“Shady reveals in an unsettling way, precisely what love is not about. (…) Watanabe’s visual language shows a lot of potential (…) And it is this potential we want to see blooming in the future.”
As the current cinematic landscape of Japan seems to silt into mere translating popular anime and novels, often forced into a tried and tested mold conditioned by capital, one might forget there is also an indie scene, where, by standard, creative freedom is more appreciated and where, quite often, more refreshing and inventive narratives are produced.
One narrative that emerged from this indie scene and impressed audiences was Ryohei Watanabe’s Shady or Kashikoi inu wa hoezuni warau (a clever dog, laughs without barking). His debut feature won the Entertainment Award at the PIA Film Festival in 2012 and even got released on DVD internationally by Third Window Films. Reason enough for Psycho-cinematography to put Watanabe’s Shady under our reviewing microscope.
Misa Kumada (Mimpi * β) is a shy and lonely outsider at her high school, who is bullied by Marina, who calls her mockingly Pooh-san because of the signifier kuma, which means bear in Japanese, and her bear-like face (cine-note 1). Misa tries to make school life bearable – pun not intended, by evading eye-contact, the confrontation with the intrusion the look(ing) of the others may contain, as much as possible. The only worthwhile relations she has are with the fish Kintaro in the biology club and her bird Chunta at home. When the cute Izumi Kiyoshi (Izumi Okamura) enters her life, pressing her to become friends with her, Misa – and the spectator as well – is surprised (Culture-note 1). As their friendship blooms, instances of meaningful prolonged eye-contact appear and the hiding of her looking, in relation to Izumi, almost completely fades away. In this change, Shady reveals that it is precisely in the eye of the others that one finds one’s self-image, one’s ego.
The out-of-the-blue nature of Misa’s and Izumi’s bonding feels somewhat suspicious for the spectator, but this bonding, as they share the same pain and loneliness, does feel genuine. As the narrative progresses, this suspicion abates almost completely – the disappearance of Aya Nishio keeping the suspicion alive – while the genuineness of the friendship, which ventures in more intimate regions, strengthens for the spectator. And then, the tone of the narrative turns a shade darker, as what Izumi so desperately hides behind her image, begins to surface in her comportments towards Misa, revealing who she really is.
Shady may provide some interesting glances to the Japanese ‘high school’ atmosphere, e.g. how bullying can go unnoticed, as not seen by the eyes of the teachers; how high-school girls can use their body to obtain privileges, …, but the main thematic axis concerns the tension between love and control, the enjoyment that controlling produces and the various effects it causes. The aspect of containment, as a visual and narrative motif, is evoked very early in the narrative, by underlining the leash of the dog, the cage of a bird, and the tank of a fish. This visual motif will ultimately bring the reduction of a subject to an object and the reduction of love to the mere satisfaction of needs sensible and disturbingly to the fore (psycho-note 1). Furthermore, it is the enjoyment of Izumi, as revealed by the changing nature of her laughing, that is most disconcerting for the spectator. And the visual motives Watanabe uses to frame Misa’s confrontation with Izumi’s enjoyment and the ‘truths’ it reveals, are powerful in expressing the traumatic impact of the confrontation.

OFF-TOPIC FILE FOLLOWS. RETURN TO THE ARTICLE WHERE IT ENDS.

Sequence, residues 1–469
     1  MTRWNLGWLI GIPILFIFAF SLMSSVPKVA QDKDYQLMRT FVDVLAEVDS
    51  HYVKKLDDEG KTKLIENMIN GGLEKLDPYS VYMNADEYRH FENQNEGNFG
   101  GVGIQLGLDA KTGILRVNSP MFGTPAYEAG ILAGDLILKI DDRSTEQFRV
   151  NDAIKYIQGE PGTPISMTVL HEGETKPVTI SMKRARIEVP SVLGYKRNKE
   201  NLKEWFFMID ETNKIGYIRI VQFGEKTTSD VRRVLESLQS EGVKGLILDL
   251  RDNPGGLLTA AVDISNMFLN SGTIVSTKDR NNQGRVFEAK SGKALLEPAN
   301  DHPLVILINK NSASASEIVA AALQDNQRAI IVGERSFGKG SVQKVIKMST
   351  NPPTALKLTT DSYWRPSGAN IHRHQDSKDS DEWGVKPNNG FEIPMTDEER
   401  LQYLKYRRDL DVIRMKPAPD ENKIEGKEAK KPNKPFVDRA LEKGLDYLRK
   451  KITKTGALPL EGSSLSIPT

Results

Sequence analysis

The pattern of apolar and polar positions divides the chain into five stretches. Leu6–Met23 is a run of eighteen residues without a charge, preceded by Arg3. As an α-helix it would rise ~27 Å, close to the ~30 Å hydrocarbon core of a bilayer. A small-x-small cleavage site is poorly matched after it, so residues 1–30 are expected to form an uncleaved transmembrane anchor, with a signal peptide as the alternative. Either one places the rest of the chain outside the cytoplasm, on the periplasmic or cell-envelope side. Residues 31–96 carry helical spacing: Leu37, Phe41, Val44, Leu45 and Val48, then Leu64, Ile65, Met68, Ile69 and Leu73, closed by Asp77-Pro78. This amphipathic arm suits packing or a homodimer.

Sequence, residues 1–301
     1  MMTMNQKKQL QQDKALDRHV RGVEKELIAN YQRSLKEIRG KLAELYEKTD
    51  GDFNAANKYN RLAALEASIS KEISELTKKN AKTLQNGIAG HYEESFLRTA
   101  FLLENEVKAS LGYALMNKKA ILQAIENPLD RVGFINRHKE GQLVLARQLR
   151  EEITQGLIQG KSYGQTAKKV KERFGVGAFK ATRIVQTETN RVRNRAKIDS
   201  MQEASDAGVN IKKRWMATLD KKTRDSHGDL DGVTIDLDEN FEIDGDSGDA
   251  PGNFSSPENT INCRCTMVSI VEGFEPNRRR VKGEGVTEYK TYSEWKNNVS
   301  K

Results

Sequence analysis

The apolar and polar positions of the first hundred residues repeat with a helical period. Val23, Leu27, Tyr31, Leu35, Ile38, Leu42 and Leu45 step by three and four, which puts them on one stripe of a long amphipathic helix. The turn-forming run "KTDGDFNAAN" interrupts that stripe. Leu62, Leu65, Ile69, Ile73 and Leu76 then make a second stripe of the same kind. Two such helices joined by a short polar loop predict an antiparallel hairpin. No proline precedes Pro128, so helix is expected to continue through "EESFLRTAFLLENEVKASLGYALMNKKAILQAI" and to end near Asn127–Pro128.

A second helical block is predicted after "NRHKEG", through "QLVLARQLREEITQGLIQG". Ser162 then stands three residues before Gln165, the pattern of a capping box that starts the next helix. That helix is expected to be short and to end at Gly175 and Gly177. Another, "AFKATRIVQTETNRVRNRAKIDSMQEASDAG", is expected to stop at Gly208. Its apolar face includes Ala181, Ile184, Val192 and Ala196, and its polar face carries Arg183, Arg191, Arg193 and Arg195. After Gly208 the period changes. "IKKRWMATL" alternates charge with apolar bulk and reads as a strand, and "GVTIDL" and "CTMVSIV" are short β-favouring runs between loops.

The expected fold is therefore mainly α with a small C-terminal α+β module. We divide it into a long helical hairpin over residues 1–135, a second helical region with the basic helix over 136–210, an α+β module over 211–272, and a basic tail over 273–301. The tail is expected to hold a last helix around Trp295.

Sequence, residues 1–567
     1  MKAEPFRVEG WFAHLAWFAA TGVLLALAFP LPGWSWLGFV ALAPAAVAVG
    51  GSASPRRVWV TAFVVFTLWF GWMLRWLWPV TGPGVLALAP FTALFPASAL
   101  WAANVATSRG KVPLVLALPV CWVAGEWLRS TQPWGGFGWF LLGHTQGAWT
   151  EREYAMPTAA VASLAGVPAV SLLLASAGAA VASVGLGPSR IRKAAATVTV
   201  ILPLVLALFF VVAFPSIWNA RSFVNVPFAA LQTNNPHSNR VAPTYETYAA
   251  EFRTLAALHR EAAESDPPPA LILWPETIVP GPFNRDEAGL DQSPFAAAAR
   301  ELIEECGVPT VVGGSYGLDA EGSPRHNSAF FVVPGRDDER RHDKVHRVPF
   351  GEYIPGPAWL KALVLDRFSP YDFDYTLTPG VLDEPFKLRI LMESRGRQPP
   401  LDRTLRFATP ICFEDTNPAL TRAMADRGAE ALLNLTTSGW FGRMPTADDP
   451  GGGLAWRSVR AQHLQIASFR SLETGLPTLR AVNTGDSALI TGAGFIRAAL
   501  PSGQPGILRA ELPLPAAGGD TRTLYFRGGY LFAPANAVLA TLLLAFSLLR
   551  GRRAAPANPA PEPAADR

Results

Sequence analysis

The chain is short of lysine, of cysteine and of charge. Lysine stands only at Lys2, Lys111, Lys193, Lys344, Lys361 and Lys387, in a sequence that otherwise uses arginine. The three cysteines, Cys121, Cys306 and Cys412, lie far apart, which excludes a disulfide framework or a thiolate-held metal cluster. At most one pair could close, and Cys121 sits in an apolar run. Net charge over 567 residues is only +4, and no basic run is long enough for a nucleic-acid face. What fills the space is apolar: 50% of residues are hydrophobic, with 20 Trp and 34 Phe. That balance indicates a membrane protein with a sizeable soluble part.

Shady’s strength lies in its narrative, the script as such, and how the young actresses, mimpi * β and Izumi Okamura, bring this narrative in general and, in particular, the development of their friendship to life on the silver screen. By using long takes, the stage is entirely given to the actresses and their interactions (cine-note 1). Empowered by the music and, in some cases, slow-motion, the interactions between mimpi * β and Izumi Okamura are so natural, that the tender moments of friendship are really heart-warming for the spectator – of course, the tenderness felt by the spectator makes the ending that much more powerful.
Watanabe‘s Shady proves to be a compelling and gripping debut feature. Besides underlining the importance of the image (cute/uncute) and showing how our ego finds its affirmation in the others we interact with, Shady reveals in an unsettling way, precisely what love is not about. Even though the cinematography may be somewhat rough around the edges, Watanabe’s visual language shows a lot of potential. And it is this potential we want to see blooming in the future
Buy the DVD here: http://thirdwindowfilms.com/films/shady
Culture-note 1: The use of the signifiers “kawaii“, for Izumi, and “kawaikunai (not cute)/busaiku (unattractive) “, for Misa, reveals the importance of the image, the imaginary in Japanese (senior high-school) culture in general and of kawaii culture between Japanese high-schoolers in particular.
Psycho-note 1: By reducing love to the mere fulfilling of needs and reducing the subject to an object, the demand and desire of that subject are short-circuited. This is sensible shown by way of Aya Nishio’s position.
Cine-note 1: Besides making the main narrative an extended flashback, the use of voice-over places the spectator in the subjective position of Kumada. Furthermore, the investment the spectator in Risa as a character has makes the final twist totally unexpected.
Cine-note 2: Shady‘s cinematography is also characterized by a certain fluency, the camera often wandering off to underline tiny details in the image. Jump-cuts are also used and in some instance In some instances, a blend between shakier shots and steady shots is to be observed.